Annually the Santa Fe Garden Club (SFGC) receives quarterly Endowment dividends from the Santa Fe Community Foundation (SFCF) account funded by the father and members of the SFGC in honor of Filley McPheeters, our member, who tragically died in a horse accident far too young. SFCF is a tax-exempt public charity that provides an avenue for donors to satisfy their charitable intents and for nonprofit organizations to receive funding to carry out their essential work. The Filley McPheeters Memorial Trust Fund instructions are that the SFGC select an adult effort/program that supports horticulture and/or an effort/program that supports children.
The Santa Fe Community College now has two scholarship funds.
- Through the account income the Garden Club chose to set up the Filley McPheeter’s Memorial Presidential Endowed Scholarship at Santa Fe Community College (SFCC). Over the years, the community college was able to provide over 30 scholarships to needy students in the horticultural programs.
- The second scholarship was from the Santa Fe Garden Club’s general fund for the SFGC’s Title V Presidential Scholarship for Aquaponics & Greenhouse Management Endowment. Approximate four years ago the SFGF pursued a Presidential Scholarship for the new SFCC Greenhouse Management Program. The Scholarship Committee and some Executive Board members toured the impressive program and voted to establish a scholarship in the amount of $7,500 for buying necessary equipment for the new program using the McPheeter’s Community Foundation’s earnings. This enabled the college to get federal matching funds. The cutting-edge curriculum included Hydroponics and Aquaponics.
The SFGC has a Scholarship Committee consisting of three or more members to administer the endowment funds systematically. Selected members spend several months each year investigating initiatives in Santa Fe County that meet the intent of the trust agreement. We convene in October or sooner to determine what horticulture efforts and/or children’s initiatives that need funding we recommend. We have improved our processes by requiring a 1-2 page proposal package that provides adequate information about the program and its implementation, a budget, the people and organization sponsoring the activity, and an evaluation plan to measure impact or success. At that meeting we decide what initiative(s) we recommend. The club/board approves the committee’s selection at the November meeting. Except for the one-time club funding to the SFCC Greenhouse Management Program, no other club funds have been used.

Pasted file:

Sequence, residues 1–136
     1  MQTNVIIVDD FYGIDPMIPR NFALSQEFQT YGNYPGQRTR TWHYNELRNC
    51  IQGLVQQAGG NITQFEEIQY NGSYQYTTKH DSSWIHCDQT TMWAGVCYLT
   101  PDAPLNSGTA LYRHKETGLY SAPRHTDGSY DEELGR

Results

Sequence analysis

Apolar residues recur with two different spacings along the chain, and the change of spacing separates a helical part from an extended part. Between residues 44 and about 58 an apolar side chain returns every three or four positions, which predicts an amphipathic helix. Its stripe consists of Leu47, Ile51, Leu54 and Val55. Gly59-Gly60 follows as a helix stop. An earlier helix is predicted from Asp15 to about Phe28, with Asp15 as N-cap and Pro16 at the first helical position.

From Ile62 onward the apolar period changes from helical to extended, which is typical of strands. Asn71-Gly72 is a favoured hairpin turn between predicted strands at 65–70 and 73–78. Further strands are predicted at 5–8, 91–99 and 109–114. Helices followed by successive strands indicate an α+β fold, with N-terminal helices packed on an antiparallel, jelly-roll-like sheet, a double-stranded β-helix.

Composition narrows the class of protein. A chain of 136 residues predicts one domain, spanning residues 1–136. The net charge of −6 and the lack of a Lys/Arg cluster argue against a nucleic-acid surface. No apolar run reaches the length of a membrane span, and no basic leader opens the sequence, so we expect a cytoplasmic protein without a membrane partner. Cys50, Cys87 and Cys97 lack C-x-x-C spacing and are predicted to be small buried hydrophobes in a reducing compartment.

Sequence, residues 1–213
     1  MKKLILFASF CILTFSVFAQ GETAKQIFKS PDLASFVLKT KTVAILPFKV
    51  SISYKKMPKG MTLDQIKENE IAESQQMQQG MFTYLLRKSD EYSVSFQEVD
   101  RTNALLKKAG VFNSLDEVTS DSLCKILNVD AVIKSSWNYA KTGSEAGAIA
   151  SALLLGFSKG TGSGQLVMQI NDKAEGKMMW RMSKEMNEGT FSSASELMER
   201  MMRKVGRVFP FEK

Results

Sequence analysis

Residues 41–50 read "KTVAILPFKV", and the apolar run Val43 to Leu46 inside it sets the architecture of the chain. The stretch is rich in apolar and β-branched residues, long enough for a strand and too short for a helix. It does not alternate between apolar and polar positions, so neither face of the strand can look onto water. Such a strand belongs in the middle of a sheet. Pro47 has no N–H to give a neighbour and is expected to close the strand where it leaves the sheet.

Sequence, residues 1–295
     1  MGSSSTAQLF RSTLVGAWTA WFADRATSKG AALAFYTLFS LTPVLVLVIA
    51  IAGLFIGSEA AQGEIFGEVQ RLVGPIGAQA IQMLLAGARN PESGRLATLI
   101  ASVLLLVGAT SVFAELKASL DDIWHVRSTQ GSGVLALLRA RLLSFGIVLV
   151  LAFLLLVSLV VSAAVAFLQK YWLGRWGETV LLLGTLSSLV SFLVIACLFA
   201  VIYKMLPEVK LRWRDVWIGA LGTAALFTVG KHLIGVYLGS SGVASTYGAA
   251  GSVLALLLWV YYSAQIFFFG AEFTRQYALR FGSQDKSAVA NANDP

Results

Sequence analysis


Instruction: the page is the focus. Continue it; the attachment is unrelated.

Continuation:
Over the years the Scholarship Committee has found most success granting money for programs sponsored by non-profit organizations that had reliable and professional staffing. We have found more impact using our funds for initiative rather than individual scholarships that benefit just a few adults or children. We commit to one year of funding.
Initiatives we have presented for approval over the last several years.
2017: An Afternoon Science, Technology, Engineering, & Math Club (STEM) Program $2000
Target Audience: A maximum of 20, 5 th through 8 th grade students interested in STEM topics recruited and recommended by their teachers Length of Program: 6-week session (2 hours a session include a snack Objective(s):
- To introduce hands-on STEM activities for interested students
- To mentor teams to participate in STEM competitions and challenges Person Responsible: Lina Germann, Ph.D., MBA, science educator/consultant
2016 Project: Three Summer Art Workshops for At-risk, Minority Teens at the Youth Detention Center (YDP) $1,125
Target Audience: 30 at-risk teens, mostly Hispanic, who were at the YPD and agreed to participate; taught by famous Native American artists Length of Program: 3 half-day sessions with teens at the center that day Objective(s):
- To make group art projects that incorporates the concept of collaboration, cooperation, and movemen
- To provide quality and diverse educational opportunities to incarcerated youth
- To provide an opportunity for Native American artists to encourage learning about diverse cultures within the YDP’s largely Hispanic population
- To encourage youth to see art as both a means of therapy and as a possible career choice
Person Responsible: Elysia Poon M.A., SAR Curator of Education
2015 Project: The Pueblo of Pojoaque Early Childhood Center Summer Program $5000
Target Audience: Youth Pojoaque Pueblo children
Length of Program: Several week summer program:
- To teach and incorporate the Tewa language and customs to pueblo children
- To motivate children to make their own dance outfits for feast days 3) To use the Tewa language and customs through song and dancing Person Responsible: Bruce Bernstein Ph.D: Advisor to the Pojoaque Pueblo, founding director of the Museum of Indian Arts & Culture
2014 Project: the School for Advanced Research (SAR) Summer Program $1,370
Target Audience: a hands-on summer program to conduct pottery workshops for 15 San Felipe Pueblo children
Length of Program: 6 separate classes to serve 90, 3& 4 year old students
- To spark an interest in pottery making in San Felipe youth
- To use well-known Santa Fe pueblo potters as role models and expert teachers to produce simple pinch pots, the very first step in pottery making
- To teach and reinforce the importance of clay within their community
Person Responsible: Elysia Poon, SAR’s Educator and Docent Trainer